• you're only working one job and its enough
  • your vision matches exactly with your supervisor's
  • you're unafraid (and encouraged wholeheartedly) to speak up
  • HR is truly your friend
  • you just love your job
  • those around you just love their jobs too
  • there's no conflict at work
  • inexperienced and under-educated are NOT being promoted to management
If, at work, you've just never had so much fun IN YOUR WHOLE LIFE ...

Well okay, no need to contact me.

Otherwise click here.

Travel well.
John Jeffrey Lundell

Saturday, August 3, 2013

Fast Food Wars - Round Two

Although the pot's been on the burner for a number of months, the water hasn't reached the boiling point. We're still in the early rounds of the Fast Food Wars.

Round One was the lead-up to the tipping point. You could argue this has been building for years. However without catalysts, the status quo remains. But it looks like this movement has some legs and could go many rounds. The fight could last for years. It could get ugly.

We'll see.

I've listed some of the important factors leading to these protests, quickly gaining momentum around the country.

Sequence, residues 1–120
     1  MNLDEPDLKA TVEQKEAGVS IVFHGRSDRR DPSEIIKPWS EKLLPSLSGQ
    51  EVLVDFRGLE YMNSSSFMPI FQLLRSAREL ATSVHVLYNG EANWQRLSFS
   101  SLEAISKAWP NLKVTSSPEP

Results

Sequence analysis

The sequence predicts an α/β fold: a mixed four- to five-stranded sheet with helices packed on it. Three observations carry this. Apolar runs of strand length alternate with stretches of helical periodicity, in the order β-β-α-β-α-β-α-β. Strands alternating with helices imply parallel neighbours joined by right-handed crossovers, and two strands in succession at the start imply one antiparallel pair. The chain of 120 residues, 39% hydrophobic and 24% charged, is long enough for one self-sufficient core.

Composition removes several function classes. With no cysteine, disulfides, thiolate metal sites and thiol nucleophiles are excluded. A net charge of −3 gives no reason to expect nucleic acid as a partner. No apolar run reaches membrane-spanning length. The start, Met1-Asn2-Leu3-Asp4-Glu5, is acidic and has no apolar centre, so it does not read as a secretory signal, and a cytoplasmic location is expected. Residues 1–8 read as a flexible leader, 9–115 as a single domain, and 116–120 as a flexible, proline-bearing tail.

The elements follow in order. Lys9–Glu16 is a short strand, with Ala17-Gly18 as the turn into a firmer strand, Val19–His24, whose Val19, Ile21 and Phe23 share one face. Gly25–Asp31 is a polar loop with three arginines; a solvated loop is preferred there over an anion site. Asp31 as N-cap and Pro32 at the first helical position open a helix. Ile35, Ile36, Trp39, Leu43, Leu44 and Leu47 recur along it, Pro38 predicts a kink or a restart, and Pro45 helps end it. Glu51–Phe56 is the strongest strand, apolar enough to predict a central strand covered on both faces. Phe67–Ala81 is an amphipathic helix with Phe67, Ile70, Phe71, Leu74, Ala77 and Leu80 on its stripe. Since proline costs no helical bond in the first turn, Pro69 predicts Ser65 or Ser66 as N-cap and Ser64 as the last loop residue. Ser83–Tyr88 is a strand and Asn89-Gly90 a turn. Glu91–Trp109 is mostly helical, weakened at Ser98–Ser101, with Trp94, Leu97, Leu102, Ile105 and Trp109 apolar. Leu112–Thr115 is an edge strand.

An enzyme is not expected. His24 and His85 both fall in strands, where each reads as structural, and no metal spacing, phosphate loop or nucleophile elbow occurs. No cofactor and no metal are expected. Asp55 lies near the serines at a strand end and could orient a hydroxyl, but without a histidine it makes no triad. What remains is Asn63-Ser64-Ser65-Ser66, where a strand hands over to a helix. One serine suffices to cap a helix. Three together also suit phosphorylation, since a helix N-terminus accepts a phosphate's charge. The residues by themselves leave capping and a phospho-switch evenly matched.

• The Great Recession - all in, the Big Dog Catalyst
  • Wall Street, Big Banks, et al - after ALL THAT - its pretty much back to business as usual
  • A new mix of fast food workers - people that otherwise would be working elsewhere ...
  • Systemic wage and benefit stagnation - ongoing for 30+ years, like a tightening coil
  • Organized labor's need for a cause - this could be THE rallying cry

Round One brought about the initial action. Round Two is characterized by growth as the movement spreads geographically and awakening as the various stakeholders perk up and coalesce along traditional labor/management lines. We're at this point right now.

So what does all this have to do with Job Search?

In a nutshell, Free Agency - actually, anti-Free Agency.